The main advantages are the rich, jazzy tone and the versatility. On the negative side, they’re quite big and heavy, so you may need to sit for longer gigs. Semi-hollows have often appeared in the hands of jazz guitarists like Larry Carlton, Emily Remler, and Grant Green.

Hagström Viking

The fabled guitar has much in common with its ancient namesakes. It came out of Sweden and took the world by storm, only to disappear and leave a myth in its wake. While most associate it with Elvis and Jimi Hendrix, the Viking made many appearances in the jazz scene. One notable player was Larry Coryell. When Hagström gave up on guitars in the ‘80s, it became a sought-after, exclusive luxury. In recent times, production started anew, and the Viking is available to common guitarists again.

The Viking is loud and strong with a classic tone. What makes this guitar unique, other than the visual design, is the H-expander truss rod. This Hagström innovation stabilizes the neck and enables very low string action. They’ve updated the traditional design with a Tusq nut and Resinator fretboard.

Epiphone Dot Studio

Emerging in the ‘50s, the Gibson ES-335 “Dot” is one of those iconic classics that still echoes in new models from other brands to this day. The Epiphone Dot Studio is a cheaper version built from laminated mahogany. It’s simple with few features, but it’s all you need for vintage jazz.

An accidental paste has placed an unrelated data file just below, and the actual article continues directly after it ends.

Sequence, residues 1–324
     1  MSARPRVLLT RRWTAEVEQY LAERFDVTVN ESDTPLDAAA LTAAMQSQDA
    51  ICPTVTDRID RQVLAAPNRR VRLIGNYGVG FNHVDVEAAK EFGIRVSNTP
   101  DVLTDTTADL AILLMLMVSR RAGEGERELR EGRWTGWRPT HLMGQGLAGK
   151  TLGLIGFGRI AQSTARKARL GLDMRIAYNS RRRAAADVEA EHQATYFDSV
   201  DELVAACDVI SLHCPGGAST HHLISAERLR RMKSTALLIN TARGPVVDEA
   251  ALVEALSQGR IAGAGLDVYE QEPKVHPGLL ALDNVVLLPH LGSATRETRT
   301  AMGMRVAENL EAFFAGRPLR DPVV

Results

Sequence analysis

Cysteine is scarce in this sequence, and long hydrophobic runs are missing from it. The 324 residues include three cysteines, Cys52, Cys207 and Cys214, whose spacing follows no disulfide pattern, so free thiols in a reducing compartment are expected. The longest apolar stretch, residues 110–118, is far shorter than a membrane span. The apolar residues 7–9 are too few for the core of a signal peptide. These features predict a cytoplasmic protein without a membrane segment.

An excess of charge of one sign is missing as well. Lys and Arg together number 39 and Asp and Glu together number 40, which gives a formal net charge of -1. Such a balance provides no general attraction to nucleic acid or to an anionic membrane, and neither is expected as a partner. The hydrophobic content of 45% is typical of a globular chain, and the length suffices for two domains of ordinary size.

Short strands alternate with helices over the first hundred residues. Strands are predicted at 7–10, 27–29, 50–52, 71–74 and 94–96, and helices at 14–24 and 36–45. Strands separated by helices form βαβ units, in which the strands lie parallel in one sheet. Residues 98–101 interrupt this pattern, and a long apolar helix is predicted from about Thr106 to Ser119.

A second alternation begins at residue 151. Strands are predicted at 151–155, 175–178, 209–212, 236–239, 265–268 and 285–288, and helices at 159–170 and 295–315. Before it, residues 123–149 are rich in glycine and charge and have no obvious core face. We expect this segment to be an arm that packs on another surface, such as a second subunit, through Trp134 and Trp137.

Regarding the sound, it’s very close to the original Gibson. It’s clear and warm with a thick sustain, using open-coil Alnico Classic humbuckers. The ES-335 helped shape the evolution of jazz, so you know you’re getting one of the best jazz guitars available. The Epiphone Dot Studio has some subtle updates that do away with common vintage problems and provide modern playability. And it only costs a fraction of the price of a classic Dot.

Ibanez Artcore Expressionist AM93QM

Ibanez may not have a rich history of jazz guitars, but their Artcore series has grown popular over the last decade. The Expressionist line is the next step in their evolution.

This particular model has a quilted maple body, a neck made of mahogany and maple, and an ebony fretboard. There are two Super 58 humbuckers with a three-position switch. It produces a rich tone with a subtle bite. The most convenient feature is the Quik Change III tailpiece, which makes string changes a breeze. Other than that, nothing stands out, but it’s a formidable guitar overall. It’s one of the best jazz guitars under $1,000.

The Best Hollow Body Jazz Guitars

Hollow bodies, often referred to as archtops, were the original electric guitars. What’s more, jazz was a big motivator for their development, so you know you’ll get a traditional jazz tone from these beauties. Hollow body is the least confusing term since there are acoustic archtops, and some rare flat hollow body electrics.

You get a big, smooth sound out of hollow bodies, which is why many consider them the best jazz guitars. However, they’re pretty bulky and somewhat fragile compared to other electric guitars.

Gretsch G6118T

In terms of quality, this is probably the winner in this list of the best jazz guitars. After more than 80 years of guitar-making, Gretsch has perfected the craft. The build quality is superb and grants a smooth playing experience regardless of fretting style. If you don’t mind spending a bit, this is an ideal choice.